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and from the time the church was built until the present, there's always been a pew set aside for the president of the united states whenever he might choose to attend a service at st. john's. in 1816 when the church was built, we had the box pews, the large box pews with the doors, and when the church fathers went over to meet with president james madison, he was offered a pew free of charge, no rent, for any time he would choose to attend services. and madison being a person who believed in the separation of church and state was not going to pick a pew. he said you pick one for me, and so they set it aside with a clear understanding that any president in the future who chose to attend would be able to use that pew free of charge. now, in 1816, that pew was located at the back of the original church of latrobe, the one shaped like a greek cross . and its number then was pew
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number 28. but in 1843, again, to try to find more space and more room, the church leaders found that the box pews just weren't efficient in terms of providing enough space for people, and so what they did was agreed to redesign the church pew structure and build in what today are the pews we have, the slip pews, with wrought iron armrests on the end and the wooden structure you see today. this is the original church pews that have been here since 1843. now at that time they had to renumber the pews, obviously, because they had more of them, so what was the president's pew, number 28, now became pew number 54, which we know is the president's pew, and this is the pew that the president of the united states sits in when he attends services at st. john's on most regular church occasions.
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and it's marked with a brass plaque so everybody knows this is the president's pew. anyone can sit in the pew. it's only reserved for the president when he chooses to attend a service. now, not always does a president sit in this particular pew. when you have a special occasion where protocol dictates, a special service of some kind or a funeral or a memorial service of some kind, the president will sit in the front pew on the left of the center section, pew 62. when president obama was inaugurated in 2009, he sat in the very front of the church in pew 62, not in the regular president's pew, because of the nature of the occasion. but if you're talking about a regular church service, the president would come in through h street entrance most of the time and be part of the worship
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service with the rest of the church. one of the treasures of st. john's is this book of common published inwas and as you'll notice has 1856. embossed upon it president's pew st. john's church. this book of common prayer was used by presidents probably from president buchanan forward until it was taken out of service when a new edition was published in the 1880's. in 1961, when a commemorative service was planned at st. john's to recognize the first attendants of abraham lincoln, in february of 1861, the organist of st. john's found this in the archives and discussed it with church leaders at the time. and they thought it would be a good idea to have every president still living sign it and for every president that would follow them to sign it as well. and so what we have inside this historic book are the signatures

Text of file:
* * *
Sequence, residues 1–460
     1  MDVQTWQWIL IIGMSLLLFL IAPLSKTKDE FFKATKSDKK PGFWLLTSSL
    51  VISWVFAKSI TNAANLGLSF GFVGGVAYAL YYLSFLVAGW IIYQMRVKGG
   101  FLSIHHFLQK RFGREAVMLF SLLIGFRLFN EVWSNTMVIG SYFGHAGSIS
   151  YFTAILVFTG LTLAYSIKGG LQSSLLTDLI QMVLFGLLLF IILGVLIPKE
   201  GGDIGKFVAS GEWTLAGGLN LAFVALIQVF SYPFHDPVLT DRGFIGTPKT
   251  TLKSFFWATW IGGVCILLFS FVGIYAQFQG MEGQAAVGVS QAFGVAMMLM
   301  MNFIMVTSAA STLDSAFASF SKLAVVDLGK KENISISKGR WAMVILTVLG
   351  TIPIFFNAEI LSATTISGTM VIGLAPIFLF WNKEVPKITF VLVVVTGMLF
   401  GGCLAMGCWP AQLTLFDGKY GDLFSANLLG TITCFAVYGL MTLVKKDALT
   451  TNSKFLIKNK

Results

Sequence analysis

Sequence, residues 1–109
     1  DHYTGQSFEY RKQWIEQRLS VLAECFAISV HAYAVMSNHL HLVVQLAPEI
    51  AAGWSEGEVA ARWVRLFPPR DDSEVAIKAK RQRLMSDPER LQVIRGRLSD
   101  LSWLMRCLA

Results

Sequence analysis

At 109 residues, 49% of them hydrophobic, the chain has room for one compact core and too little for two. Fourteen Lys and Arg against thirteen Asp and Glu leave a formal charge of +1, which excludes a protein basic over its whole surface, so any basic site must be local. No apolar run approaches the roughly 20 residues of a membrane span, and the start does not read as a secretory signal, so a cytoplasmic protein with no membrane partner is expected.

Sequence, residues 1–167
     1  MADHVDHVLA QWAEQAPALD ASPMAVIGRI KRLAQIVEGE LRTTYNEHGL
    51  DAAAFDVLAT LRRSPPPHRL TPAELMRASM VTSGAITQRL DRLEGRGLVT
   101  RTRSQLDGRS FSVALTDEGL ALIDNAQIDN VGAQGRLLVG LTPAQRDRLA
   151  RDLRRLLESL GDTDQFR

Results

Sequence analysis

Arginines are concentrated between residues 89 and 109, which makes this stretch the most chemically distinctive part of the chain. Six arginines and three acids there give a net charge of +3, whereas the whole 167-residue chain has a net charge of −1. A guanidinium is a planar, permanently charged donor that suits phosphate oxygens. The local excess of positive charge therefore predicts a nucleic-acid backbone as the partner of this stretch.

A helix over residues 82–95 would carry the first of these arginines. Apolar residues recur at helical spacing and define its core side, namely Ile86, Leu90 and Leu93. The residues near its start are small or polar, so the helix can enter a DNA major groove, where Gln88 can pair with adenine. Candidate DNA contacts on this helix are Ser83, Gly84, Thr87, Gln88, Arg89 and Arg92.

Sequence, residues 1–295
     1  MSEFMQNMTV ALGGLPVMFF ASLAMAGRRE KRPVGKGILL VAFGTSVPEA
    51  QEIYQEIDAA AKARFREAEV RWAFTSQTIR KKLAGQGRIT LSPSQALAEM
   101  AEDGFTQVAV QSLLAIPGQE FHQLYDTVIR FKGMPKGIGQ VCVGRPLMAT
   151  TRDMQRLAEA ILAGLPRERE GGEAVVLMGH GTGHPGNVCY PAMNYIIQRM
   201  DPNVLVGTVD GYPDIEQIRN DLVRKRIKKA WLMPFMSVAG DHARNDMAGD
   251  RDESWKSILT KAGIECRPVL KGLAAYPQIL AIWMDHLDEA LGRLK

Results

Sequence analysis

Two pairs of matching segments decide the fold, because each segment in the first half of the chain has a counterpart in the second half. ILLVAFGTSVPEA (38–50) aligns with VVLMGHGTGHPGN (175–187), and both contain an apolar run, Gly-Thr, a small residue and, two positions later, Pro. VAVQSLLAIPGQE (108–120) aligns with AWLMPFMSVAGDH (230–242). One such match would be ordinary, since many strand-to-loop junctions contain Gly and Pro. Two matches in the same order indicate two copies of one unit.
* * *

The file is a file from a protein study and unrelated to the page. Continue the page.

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of herbert hoover, franklin roosevelt, which was signed by his wife, eleanor roosevelt, harry truman, dwight eisenhower, lyndon johnson, ford, carter, ronald reagan, george bush, and so on, and, of course, more recently, george w. bush and barack obama. so the tradition has been maintained. at some point when a new president's elected, st. john's makes an effort to contact them and have them sign this very historic book, which is a very dear item to the church. it clearly does not sit in the president's pew anymore, but it's one of those great pieces of history that has been long associated with this church from 1856 to the present. abraham lincoln has an association with st. john's as well.
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when he was elected in 1860, his first church service that he attended after he arrived in washington in february of 1861, was at st. john's. he came to st. john's on the 24th of february, on a sunday, for the 11:00 service with senator william seward of new york. he was going to be his secretary of state. they sat in the front of the church, but hardly anybody recognized him, including the rector, who was giving the sermon at the time and didn't even know he was speaking to the president-elect of the united states until after the service when senator seward introduced him. now, abraham lincoln didn't belong to any specific church during his life, but because his wife had a tendency towards presbyterianism, they attended on most sundays they did go to church as a family, the new york avenue presbyterian church.